I kind of understand vdroop.You'll need to understand LLC to get the answer.
Electricity can only travel so fast, not nearly as fast as a cpu can demand it. So when a cpu stops demanding it, the level of voltage the VRM's send drops temporarily at which point the cpu suddenly demand a great deal more, instantly. That drop is vdroop. You get instability when the cpu demand is more than the VRM's can suddenly supply.
That created the need for LLC. It's a pre-emptive voltage that's always on, it adds to the vdroop, so the VRM's can meet the cpus demands at the bottom of the drop. Consequently, because it's an added voltage, it also adds to the top of the droop too, so the VRM's might send 1.4v that the cpu demands at load, but the LLC is adding to that so you see vcore at 1.56v, which is what the cpu receives.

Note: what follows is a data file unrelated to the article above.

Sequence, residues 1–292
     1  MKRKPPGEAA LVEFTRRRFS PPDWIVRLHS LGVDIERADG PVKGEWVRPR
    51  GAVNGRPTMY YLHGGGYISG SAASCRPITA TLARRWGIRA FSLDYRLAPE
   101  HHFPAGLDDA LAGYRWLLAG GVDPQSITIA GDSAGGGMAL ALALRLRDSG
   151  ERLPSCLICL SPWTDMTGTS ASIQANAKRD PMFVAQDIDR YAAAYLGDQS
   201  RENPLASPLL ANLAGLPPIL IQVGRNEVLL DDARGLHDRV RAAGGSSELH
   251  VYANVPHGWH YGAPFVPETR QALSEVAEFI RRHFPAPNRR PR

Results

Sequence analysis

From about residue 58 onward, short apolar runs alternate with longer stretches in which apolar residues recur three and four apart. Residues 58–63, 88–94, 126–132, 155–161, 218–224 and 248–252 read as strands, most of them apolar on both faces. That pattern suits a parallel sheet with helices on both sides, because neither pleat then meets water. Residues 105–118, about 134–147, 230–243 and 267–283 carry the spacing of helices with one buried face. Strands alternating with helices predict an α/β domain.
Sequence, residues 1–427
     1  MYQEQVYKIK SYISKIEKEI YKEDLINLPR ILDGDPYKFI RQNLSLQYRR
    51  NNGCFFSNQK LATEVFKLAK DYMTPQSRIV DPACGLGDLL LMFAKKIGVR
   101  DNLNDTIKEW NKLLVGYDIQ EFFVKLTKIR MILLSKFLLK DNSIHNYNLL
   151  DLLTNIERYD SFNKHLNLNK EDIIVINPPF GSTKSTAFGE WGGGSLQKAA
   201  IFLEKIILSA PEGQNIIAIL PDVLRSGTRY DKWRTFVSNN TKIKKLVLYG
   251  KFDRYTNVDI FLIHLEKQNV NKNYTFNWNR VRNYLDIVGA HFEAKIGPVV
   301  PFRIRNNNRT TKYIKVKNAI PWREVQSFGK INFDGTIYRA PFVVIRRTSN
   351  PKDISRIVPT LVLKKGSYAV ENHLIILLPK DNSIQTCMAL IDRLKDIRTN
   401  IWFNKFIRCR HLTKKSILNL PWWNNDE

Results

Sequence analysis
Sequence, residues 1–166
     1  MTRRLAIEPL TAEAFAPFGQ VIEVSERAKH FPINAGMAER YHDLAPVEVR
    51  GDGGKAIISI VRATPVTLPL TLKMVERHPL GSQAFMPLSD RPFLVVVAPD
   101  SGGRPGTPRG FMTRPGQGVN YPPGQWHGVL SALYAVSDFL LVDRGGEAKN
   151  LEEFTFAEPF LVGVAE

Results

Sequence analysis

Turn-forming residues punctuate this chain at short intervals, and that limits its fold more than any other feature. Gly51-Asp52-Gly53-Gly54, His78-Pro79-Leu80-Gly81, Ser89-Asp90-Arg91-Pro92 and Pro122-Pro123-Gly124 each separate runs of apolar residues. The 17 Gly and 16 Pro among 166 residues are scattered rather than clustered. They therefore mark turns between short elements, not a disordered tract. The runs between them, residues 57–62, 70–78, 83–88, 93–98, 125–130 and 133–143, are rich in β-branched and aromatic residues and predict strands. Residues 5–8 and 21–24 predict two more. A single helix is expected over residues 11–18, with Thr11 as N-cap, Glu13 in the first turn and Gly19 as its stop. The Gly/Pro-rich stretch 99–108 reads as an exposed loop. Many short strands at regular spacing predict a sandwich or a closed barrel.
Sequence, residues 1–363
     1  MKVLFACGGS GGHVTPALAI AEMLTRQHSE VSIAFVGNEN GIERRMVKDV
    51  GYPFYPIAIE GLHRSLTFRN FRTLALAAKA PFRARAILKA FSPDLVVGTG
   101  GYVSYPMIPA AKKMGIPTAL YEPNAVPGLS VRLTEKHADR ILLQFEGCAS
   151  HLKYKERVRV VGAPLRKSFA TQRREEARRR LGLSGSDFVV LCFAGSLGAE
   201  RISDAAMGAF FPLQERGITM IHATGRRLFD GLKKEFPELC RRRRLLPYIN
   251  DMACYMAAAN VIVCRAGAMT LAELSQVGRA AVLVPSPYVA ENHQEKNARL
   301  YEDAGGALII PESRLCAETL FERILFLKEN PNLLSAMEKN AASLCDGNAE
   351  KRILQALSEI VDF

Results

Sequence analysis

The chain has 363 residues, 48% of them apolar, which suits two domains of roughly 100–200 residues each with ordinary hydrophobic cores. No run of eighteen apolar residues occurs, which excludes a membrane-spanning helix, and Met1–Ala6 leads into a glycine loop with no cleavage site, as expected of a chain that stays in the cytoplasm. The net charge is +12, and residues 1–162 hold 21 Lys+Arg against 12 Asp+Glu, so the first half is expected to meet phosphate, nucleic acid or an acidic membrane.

Extreme LLC is not warranted for 99.9% of OC, the only purpose for it is record breaking LN2 builds. At most you'll ever reasonably need is medium to high or 3 out of 5, 2 steps down from Extreme. That adds enough voltage to cover stability, but not so much to burn up the cpu.
For OC on a 6350, you should be closer to @ 1.32v not over 1.5v.